110 pitches and Palmer still upbeat Hall of Famer at batting practice

March 03, 1991|By Peter Schmuck | Peter Schmuck,Sun Staff Correspondent

SARASOTA, Fla. -- The Jim Palmer comeback entered a new stage yesterday, when he threw batting practice for the first time since 1985.

Palmer pitched for 15 minutes to Bill Ripken, Bob Melvin, Cal Ripken and Dwight Evans, who did not spend a lot of time swinging and missing, but didn't pepper the parking lot, either. The results were mixed, about as mixed as the signals coming from Palmer after he left the mound.

"I felt good, and the guys said I threw good batting practice," Palmer said, "but whether that translates into getting hitters out, find that out in 10 days or so."

His right thumb was bleeding when he completed his workout, though not as a result of the blister that has hindered him for the past few weeks. The right thumbnail apparently separated from the skin, which trainer Jamie Reed said was not a matter of serious concern.

Palmer threw 110 pitches. The blister did not open. The show did not close. He still is scheduled to pitch two innings in an intrasquad game Wednesday and make his first Grapefruit League appearance March 11 against the Boston Red Sox.

"I have nine days, and I'm going to need every one of them," Palmer said.

It is hard to say what this all means. One minute, Palmer says everything is going great and he feels better than ever. The next, he is explaining how the rigors of spring training are taking their toll. He and comeback companion Mike Flanagan have been commiserating about their various aches and pains all week.

"That's only natural," Baltimore Orioles manager Frank Robinson said. "This time of year brings out the aches and pains. There are a lot of guys a lot younger than Jim Palmer who are feeling the same thing right now. It'll take a week to 10 days to get past the soreness."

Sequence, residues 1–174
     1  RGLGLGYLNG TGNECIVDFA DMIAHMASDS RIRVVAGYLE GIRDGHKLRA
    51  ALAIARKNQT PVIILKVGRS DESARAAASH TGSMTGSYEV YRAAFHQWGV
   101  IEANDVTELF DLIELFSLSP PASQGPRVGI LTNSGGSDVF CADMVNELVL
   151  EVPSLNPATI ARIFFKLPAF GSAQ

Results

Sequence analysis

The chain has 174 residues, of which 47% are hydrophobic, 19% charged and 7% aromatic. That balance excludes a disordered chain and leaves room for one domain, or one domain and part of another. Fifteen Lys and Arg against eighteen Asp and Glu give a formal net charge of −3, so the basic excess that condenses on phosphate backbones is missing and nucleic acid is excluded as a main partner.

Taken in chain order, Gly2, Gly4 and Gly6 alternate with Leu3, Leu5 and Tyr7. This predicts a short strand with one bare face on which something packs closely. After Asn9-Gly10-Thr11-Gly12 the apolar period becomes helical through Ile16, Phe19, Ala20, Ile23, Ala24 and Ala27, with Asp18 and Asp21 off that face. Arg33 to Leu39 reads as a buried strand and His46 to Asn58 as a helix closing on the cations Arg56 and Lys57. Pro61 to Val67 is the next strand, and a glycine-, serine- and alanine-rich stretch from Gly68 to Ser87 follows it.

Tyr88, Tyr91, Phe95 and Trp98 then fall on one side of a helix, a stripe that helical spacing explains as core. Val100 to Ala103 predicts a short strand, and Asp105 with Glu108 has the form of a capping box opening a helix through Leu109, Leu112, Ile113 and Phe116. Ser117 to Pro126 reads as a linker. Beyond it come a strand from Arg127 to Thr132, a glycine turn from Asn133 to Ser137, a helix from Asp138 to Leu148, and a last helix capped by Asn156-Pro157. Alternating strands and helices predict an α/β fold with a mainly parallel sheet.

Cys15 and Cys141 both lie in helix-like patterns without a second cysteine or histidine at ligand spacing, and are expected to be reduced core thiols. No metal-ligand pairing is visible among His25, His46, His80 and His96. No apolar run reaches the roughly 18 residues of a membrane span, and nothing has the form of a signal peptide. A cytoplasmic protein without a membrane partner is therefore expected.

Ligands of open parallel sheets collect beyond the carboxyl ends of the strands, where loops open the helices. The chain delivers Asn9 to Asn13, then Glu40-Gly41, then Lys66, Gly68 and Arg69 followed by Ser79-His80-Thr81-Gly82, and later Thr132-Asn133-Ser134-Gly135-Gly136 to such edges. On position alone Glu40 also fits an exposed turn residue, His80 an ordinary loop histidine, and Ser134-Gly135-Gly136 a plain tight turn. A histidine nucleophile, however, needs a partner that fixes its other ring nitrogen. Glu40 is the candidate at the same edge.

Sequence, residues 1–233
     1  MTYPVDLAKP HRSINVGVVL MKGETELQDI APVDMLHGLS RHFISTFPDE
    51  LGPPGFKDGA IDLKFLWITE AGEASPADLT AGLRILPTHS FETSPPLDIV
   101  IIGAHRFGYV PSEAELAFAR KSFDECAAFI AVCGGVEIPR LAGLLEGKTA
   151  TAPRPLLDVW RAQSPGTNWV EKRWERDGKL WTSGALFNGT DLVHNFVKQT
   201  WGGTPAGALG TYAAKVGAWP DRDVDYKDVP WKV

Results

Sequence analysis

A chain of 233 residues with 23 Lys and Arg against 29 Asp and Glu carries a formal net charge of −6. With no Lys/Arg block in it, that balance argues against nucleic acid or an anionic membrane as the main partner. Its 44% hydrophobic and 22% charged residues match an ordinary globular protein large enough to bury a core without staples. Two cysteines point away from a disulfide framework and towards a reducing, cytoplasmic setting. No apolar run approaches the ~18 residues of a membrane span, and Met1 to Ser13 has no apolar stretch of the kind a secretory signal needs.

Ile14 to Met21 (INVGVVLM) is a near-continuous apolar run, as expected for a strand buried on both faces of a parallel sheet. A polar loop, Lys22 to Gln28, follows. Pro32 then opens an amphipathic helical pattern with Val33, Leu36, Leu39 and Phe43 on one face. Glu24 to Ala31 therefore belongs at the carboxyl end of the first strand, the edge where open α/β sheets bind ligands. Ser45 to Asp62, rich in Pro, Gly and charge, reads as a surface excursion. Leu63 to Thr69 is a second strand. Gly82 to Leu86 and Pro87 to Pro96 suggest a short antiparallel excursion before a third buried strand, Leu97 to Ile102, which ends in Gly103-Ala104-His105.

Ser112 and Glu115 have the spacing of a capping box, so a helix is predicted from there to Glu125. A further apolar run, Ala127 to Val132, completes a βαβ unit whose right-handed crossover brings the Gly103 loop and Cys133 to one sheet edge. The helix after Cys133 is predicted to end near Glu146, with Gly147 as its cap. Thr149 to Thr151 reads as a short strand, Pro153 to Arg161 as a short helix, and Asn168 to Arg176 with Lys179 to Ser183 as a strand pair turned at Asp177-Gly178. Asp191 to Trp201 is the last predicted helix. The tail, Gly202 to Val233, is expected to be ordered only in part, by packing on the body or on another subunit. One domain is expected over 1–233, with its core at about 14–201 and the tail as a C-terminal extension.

Robinson watched Palmer's workout with a critical eye for the first time this spring. He also gave a mixed review.

"I thought his velocity was consistent, and I liked the rotation on his curveball," Robinson said, "but he's still trying to find a consistent release."

Today could be significant. Palmer is not scheduled to throw, but it will be interesting to see how his arm responds the day after his first extended workout of the spring. It was an arm problem that helped send him into retirement in 1984. He says his arm is the least of his worries now.

"My arm is going to be fine," he said. "Every day I get up, and I'm surprised that I feel as good as I do. I think the legs and the blisters are more of a concern than my arm."

He has been pitching with the blister on his thumb for several weeks. He even changed the way he grips the ball to keep from aggravating it. But until it disappears, it has the potential to scuttle his comeback bid.

"They [blisters] are always a worry," Palmer said. "I threw 23 minutes [including an eight-minute warm-up period] and maybe 200 pitches. When you have a blister, there's always the chance you might aggravate it a little bit."

No one has gotten a better all-around view of the Palmer comeback than catcher Bob Melvin, who caught Palmer the first time he threw here and was in the group that hit against him yesterday.

"I thought he threw well," Melvin said. "He had a lot of movement on his fastball. But it's just great having him around. He's a good guy. He knows the game, and he has everything in perspective."

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